Thanks to Masked Lilly, who recommended it, I found myself watching an amazing music clip. Again. And again. It gives me the chills. It heals me. The past few weeks I’ve been a hollowed out shell of the person I was before you-know-what happened. And today, watching this, I feel some of the old female power returning.
What strikes me is that the singer makes the same connections between women and nature that Mary Daly did: that women are nature and life and men are machines, metal, oil and death. Cement and stone walls symbolically represent men in the clip, as indeed they do in real life. Unmoving, single-minded, unchanging, halted, deadlocked, rigid. Men don’t budge. Their bodies neither.
Their bodies do not have the capacity to evolve, the way women’s do. Medical abuse of women by male doctors in infamous, the most unecessary interference being the episiotomy, where the doctor cuts a labouring woman’s perinium with scissors, believing that he’s helping the baby to come out. What he’s actually doing is damaging her pelvic floor muscles, creating third degree tears leading to incontinence and many more problems that I’m not going into now. The mark of a midwife’s professionalism, on the other hand, is the ability to deliver a baby with the perinium intact. It was Mary Daly who pointed out that the verb “to doctor” has roots in common with the verb “to butcher”.
The problem is, you see, that men’s reproductive organs are so very limited in the size they can expand to, which means they simply cannot imagine what women’s bodies are capable of. They refuse to understand that we are beautifully designed. What I mean is, men’s physical capacities are extremely finite, and they project these limitations onto women’s bodies.
Not every radical feminist agrees that women and nature share an affinity with each other. Some say it is an essentialist point of view. But from what I know about the wilderness of nature, and my own response to it, and the way I’m at peace only when I’m immersed in it; and what I know about men’s love of order, neatness, steel, machinery, contraptions; and what I feel when I see men’s machinery bulldozing nature to the ground and cementing over river basins and mountainsides, I would hazard a guess that she’s not wrong.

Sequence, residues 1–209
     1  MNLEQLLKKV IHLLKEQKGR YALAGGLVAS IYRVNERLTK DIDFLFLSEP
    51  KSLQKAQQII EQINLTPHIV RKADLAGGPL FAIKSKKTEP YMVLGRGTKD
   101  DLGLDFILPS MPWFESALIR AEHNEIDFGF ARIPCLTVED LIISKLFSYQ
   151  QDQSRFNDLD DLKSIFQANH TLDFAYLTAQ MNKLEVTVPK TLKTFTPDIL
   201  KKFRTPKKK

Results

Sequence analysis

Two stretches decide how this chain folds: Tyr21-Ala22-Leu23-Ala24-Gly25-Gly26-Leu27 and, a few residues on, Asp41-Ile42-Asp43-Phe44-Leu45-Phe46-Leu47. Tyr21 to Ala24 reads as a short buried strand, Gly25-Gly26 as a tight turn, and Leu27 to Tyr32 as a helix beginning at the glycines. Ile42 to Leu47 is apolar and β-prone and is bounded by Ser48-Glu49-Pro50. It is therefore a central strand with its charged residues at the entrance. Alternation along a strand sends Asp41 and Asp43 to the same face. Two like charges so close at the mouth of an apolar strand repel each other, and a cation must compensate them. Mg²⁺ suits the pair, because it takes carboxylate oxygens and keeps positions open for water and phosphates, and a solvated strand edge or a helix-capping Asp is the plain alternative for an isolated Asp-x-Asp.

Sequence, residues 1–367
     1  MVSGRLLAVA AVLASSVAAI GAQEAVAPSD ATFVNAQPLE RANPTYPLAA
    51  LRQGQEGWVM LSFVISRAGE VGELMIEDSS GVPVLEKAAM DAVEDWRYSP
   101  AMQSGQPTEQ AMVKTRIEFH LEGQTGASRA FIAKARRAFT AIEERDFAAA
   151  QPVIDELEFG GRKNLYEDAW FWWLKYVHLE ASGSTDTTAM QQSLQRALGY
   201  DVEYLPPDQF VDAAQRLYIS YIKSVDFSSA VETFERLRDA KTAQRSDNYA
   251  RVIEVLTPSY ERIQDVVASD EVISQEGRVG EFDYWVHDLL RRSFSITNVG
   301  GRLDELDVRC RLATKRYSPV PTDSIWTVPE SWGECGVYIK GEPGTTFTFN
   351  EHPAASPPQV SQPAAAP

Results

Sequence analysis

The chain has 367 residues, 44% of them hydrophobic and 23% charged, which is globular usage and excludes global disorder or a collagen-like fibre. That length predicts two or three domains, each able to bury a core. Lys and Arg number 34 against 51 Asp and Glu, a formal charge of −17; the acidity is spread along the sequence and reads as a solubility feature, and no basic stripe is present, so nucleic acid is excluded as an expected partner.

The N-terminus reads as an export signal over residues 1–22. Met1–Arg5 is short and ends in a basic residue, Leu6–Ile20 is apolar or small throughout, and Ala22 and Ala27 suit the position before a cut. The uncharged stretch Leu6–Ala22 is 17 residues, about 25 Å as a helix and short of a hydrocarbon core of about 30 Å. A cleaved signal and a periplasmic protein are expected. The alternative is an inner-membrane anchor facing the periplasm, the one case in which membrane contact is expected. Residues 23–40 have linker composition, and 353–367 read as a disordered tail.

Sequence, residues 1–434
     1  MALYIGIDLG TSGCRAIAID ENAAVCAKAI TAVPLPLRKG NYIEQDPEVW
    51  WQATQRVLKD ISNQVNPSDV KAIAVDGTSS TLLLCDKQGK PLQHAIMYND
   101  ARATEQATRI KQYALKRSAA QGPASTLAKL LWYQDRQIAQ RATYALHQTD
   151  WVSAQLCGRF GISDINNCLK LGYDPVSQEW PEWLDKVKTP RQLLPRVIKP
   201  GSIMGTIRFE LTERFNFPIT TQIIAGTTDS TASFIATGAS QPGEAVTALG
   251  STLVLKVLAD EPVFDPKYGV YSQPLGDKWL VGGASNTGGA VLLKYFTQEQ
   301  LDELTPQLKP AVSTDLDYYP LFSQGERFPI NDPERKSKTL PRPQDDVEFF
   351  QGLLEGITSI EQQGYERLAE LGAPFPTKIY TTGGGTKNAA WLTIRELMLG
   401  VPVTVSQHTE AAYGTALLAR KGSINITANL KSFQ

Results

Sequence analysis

In the early seventies, Susan Griffin wrote a book called Women and Nature: The Roaring Inside Her, and it was totally about the connectedness of women and nature. And I have always emphasized that myself. But one of the horrible, self-censoring and destructive events within women’s studies and the so-called women’s community that happened—and I’m sure it was imbedded from some alien source—was that any woman who said that women have a special connection with nature, or that there’s anything like a “female nature,” was called an “essentialist,” and that was the “worst” thing you could possibly say. I have been accused of being an essentialist, and so has anyone else I respect.
But I’ll also argue that whether or not they’re inherent, the fact is that the differences between men and women are there, even if it’s just through millennia of conditioning. I, of course, think it’s inherent. But even if it were cultural, the fact is that this is the way to go if you’re biophilic. What I’m concerned with is the war between biophilia and necrophilia. It’s love of life versus hatred of life. Necrophilia translates strictly into love of death, or loving the dead—actually f—ing corpses. And in general, patriarchal culture is necrophilic, fixated on hatred of life and love of death.
Daly was a philosopher in the true sense of the word, because her words give me strength. I can open up a book of hers on any page and feel like I’ve come home to rest (the second passage of Gyn/Ecology excluded, due to the subject matter)
So here’s the clip. Women are nature: breeze, grass, flowers; men are civilization: walls, mortar, linear shadows, order
[And isn’t Tori Amos beautiful here. Her ancestors were celtic witches, I’m certain of it.]